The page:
Pictured Above: The sPower Sutter and Sterlington solar farm on Edwards Avenue (foreground) with the GES solar farm in the background. | Borrego Solar photo

The Riverhead Town Board unanimously approved a one-year moratorium on new commercial solar farm applications on Oct. 19, more than a year after first proposing the measure in response to an unprecedented number of solar farm applications surrounding an electric substation on Edwards Avenue in Calverton.

According to the resolution approving the moratorium, the town is planning to address balancing the needs of renewable energy and agricultural preservation as it works to complete its comprehensive plan update over the course of the next year.

Five projects in that area are already completed or in the works, totaling 656 acres.

The town’s action could be moot in the case of future development of solar farms in excess of 25 megawatts, which would be reviewed under a New York State process known as 94-C, designed to hasten the state’s goal of producing its power through renewable energy.

Riverhead officials, however, have heard many complaints from constituents about the concentration of solar farms in the Calverton area, as well as about potential issues with decommissioning solar farms in the future. 

“When you have a lot of one use coming into one zip code, you have to look at the cumulative impacts,” said Riverhead Councilwoman Catherine Kent, a Democrat who is running for town supervisor this fall, in response to public comment on the moratorium. “The comprehensive plan update should be a great tool for us in smart development.”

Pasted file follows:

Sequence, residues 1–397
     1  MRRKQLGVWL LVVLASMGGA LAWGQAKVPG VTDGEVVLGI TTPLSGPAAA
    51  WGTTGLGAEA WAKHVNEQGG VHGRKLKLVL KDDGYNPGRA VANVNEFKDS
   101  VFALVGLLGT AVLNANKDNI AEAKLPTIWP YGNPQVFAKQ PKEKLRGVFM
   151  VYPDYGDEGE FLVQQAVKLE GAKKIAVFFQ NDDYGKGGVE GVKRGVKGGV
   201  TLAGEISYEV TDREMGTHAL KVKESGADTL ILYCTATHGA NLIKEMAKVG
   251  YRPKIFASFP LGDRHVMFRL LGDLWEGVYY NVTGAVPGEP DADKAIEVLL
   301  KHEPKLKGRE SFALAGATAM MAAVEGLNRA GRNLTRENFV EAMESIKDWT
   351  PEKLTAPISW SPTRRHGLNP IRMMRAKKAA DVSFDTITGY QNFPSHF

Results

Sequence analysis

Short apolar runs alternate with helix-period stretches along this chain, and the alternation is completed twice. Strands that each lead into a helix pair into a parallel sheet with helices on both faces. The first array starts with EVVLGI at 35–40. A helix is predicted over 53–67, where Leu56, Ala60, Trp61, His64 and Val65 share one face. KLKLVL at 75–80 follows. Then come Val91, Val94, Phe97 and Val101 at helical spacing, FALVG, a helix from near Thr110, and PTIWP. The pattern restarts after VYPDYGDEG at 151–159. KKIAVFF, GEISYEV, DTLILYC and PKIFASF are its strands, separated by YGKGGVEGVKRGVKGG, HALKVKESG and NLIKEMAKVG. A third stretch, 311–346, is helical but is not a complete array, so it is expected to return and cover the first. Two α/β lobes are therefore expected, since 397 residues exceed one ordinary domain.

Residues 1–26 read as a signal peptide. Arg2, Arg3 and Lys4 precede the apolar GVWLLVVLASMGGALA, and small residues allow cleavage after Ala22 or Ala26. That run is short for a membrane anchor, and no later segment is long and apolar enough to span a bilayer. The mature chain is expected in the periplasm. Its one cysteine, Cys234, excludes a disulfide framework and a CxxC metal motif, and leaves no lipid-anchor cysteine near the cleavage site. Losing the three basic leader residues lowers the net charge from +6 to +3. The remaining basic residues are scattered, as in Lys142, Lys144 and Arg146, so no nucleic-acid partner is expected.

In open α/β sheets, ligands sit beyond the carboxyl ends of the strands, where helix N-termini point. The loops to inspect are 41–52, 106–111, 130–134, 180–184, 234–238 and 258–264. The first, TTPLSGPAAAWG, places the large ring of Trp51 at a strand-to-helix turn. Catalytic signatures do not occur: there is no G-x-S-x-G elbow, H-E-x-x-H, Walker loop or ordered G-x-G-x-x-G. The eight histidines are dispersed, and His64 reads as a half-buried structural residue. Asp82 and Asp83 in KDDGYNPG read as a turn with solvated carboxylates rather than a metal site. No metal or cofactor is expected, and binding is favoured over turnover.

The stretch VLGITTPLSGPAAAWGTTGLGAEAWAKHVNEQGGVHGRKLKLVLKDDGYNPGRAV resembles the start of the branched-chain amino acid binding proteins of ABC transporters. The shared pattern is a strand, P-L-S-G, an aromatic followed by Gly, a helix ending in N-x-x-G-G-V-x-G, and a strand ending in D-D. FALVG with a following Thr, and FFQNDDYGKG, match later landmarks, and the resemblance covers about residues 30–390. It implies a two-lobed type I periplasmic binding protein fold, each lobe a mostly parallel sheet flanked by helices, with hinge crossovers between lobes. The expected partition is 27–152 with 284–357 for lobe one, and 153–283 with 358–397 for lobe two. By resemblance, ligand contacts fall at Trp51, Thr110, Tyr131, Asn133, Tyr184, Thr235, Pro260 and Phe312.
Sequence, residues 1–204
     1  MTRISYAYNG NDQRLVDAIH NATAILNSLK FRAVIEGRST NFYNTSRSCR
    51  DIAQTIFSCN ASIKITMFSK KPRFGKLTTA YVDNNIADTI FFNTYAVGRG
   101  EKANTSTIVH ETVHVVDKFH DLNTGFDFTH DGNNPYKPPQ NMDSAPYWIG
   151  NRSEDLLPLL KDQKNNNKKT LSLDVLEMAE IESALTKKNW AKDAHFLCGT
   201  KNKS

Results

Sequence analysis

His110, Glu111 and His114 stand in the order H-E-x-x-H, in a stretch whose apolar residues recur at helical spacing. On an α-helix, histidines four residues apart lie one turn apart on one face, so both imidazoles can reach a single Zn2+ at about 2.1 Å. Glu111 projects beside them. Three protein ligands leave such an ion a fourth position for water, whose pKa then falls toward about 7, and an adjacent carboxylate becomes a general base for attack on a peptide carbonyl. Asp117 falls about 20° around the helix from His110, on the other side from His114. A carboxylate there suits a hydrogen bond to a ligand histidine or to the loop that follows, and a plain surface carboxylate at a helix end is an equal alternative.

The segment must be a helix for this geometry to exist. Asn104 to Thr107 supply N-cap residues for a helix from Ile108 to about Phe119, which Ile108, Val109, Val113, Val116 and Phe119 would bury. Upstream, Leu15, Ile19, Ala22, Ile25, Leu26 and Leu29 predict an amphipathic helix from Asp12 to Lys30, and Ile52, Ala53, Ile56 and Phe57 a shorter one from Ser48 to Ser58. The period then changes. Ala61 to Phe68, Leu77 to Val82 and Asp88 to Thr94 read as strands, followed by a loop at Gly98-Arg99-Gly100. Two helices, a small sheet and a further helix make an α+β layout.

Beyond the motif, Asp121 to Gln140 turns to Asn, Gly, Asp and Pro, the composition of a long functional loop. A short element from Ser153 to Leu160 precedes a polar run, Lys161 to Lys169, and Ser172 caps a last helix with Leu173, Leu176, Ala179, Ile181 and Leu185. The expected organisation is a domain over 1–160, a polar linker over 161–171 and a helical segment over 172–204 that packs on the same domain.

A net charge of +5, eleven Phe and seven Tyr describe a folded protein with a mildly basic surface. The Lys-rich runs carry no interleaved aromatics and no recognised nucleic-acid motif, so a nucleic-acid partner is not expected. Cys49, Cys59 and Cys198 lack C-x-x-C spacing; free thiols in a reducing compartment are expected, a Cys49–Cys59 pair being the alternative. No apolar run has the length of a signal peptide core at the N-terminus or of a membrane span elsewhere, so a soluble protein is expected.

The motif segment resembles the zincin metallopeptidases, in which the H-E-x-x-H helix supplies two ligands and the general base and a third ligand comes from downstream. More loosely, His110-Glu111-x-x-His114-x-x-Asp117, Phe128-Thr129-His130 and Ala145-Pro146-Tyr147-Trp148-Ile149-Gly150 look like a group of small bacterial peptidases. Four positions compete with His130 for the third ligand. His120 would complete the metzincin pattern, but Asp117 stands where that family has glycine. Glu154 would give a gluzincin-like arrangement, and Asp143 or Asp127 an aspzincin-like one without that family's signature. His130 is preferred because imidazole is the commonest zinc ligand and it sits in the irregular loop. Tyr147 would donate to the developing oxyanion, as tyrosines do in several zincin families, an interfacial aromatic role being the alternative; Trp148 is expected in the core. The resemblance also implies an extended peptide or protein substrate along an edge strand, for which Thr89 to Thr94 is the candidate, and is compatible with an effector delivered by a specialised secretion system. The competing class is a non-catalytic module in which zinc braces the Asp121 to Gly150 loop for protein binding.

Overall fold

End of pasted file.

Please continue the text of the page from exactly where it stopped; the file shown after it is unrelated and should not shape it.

When she began to expand on other development issues, including the razing of woodlands to create more big box stores on Route 58, which already has its share of big box stores, Town Supervisor Yvette Aguiar accused the councilwoman of campaigning from the podium and asked her to stop speaking.

 Mark Haubner, the chair of the town’s Environmental Advisory Committee and a renewable energy advocate, pushed the board.

“Solar… it’s a big deal and I’m all excited because we have a year to think about it,” he said, with a touch of sarcasm, adding that he and former councilwoman Barbara Blass have put together a primer for the public and civic groups on the ever-expanding array of renewable energy options. “We’ve got a lot of choices in solar. There are a lot of tools and help avail from the DEC and Climate Smart Communities. We’ve got an awful lot of tools and an awful lot of potential.”                   —BHY

Beth Young
Beth Young is an award-winning local journalist who has been covering the East End since the 1990s. She began her career at the Sag Harbor Express and, after receiving her Masters from the Columbia University Graduate School of Journalism, has reported for the Southampton Press, the East Hampton Press and the Times/Review Media Group. She founded the East End Beacon website in 2013, and a print edition in 2017. Beth was born and raised on the North Fork. In her spare time, she tinkers with bicycles, tries not to drown in the Peconic Bay and hopes to grow the perfect tomato. You can send her a message at editor@eastendbeacon.com

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